Homer Street Café and Bar, 898 Homer Street, Vancouver, BC, Canada, +1 604 428 4299
Candela features an eclectic mix of internationally-inspired décor, including Moroccan lamps and hand-punched chandeliers. A latticework divider marks the entryway, while the eye-catching floor is decorated with black, white, and green Moroccan tiles. The space is defined by an enormous skylight over the bar, which brightens the softly-lit space. Diners sit at blue and orange leather captain’s chairs, and the kitchen can be seen through a viewing window in the restaurant’s private dining area. Named ‘Best Restaurant Décor’ by Avenue Calgary in 2014, the sophisticated yet relaxed ambiance compliments the restaurant’s menu of international tapas.
Candela, 1919 4 Street Southwest, Calgary, Canada, +1 403-719-0049
SuWu Restaurant and Bar, Montréal
With its nostalgic décor, SuWu Restaurant and Bar aims to recall a laid-back neighborhood bar. The restaurant’s unassuming exterior belies a supper-club-style interior, decorated with antique and handcrafted furniture, industrial lights, and mason jars. Quirky decorations add to the restaurant’s retro vibe, including a 1957 Aces High pinball machine as well as a carousel horse mounted on one wall. Assorted empty bottoms line the restaurant’s wooden shelves, and open windows create a pleasant breeze in the summer.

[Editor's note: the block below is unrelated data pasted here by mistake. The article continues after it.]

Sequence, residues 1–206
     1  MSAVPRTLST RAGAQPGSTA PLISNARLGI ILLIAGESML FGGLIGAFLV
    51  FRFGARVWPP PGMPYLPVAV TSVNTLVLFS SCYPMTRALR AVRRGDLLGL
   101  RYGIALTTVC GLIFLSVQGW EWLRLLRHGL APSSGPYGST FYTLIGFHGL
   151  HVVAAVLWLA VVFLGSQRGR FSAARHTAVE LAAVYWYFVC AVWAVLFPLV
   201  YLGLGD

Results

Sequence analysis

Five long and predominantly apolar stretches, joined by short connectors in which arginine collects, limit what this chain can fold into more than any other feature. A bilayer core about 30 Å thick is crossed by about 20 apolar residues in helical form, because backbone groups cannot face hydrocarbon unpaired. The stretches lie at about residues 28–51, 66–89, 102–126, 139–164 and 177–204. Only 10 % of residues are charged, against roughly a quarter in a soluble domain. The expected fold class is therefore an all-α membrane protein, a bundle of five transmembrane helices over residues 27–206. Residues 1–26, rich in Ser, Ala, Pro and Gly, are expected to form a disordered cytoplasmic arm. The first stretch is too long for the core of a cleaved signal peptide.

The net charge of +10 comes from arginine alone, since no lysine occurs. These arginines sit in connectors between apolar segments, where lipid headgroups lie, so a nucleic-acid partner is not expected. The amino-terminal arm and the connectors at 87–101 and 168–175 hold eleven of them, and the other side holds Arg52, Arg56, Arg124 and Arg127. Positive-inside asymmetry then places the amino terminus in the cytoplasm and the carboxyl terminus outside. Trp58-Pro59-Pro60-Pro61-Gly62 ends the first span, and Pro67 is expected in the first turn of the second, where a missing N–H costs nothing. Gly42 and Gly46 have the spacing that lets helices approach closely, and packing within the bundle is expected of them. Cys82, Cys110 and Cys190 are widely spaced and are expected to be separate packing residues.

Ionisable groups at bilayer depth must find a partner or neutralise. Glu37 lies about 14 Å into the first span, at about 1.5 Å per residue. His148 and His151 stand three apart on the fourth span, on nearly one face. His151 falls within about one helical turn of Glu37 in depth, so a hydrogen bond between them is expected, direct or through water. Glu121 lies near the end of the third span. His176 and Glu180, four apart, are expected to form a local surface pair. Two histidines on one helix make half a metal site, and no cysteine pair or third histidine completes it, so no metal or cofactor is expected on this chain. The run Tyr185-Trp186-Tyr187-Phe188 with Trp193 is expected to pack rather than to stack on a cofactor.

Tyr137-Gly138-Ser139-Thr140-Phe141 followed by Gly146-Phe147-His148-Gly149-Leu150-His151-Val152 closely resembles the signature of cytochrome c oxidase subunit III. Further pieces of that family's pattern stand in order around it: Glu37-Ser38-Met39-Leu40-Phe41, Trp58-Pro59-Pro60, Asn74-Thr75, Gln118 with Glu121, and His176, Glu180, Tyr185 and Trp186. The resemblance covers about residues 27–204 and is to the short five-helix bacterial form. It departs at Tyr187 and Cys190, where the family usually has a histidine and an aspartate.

Chez Carl, Verdun
With a casual menu of simple wood-oven pizzas and excellent wines, you might expect Chez Carl’s décor to follow a standard rustic-Italian-style of design. Instead, the restaurant’s interior is a striking work of abstract art. Bold pink and red geometrical patterns on the walls contrast against ceilings and floors finished in black tones and light maple woods. Decorative steel pools and variations in floor-to-ceiling height create a varying impression of the space, and mirror the asymmetry of the copper wine cellar found in the center of the restaurant.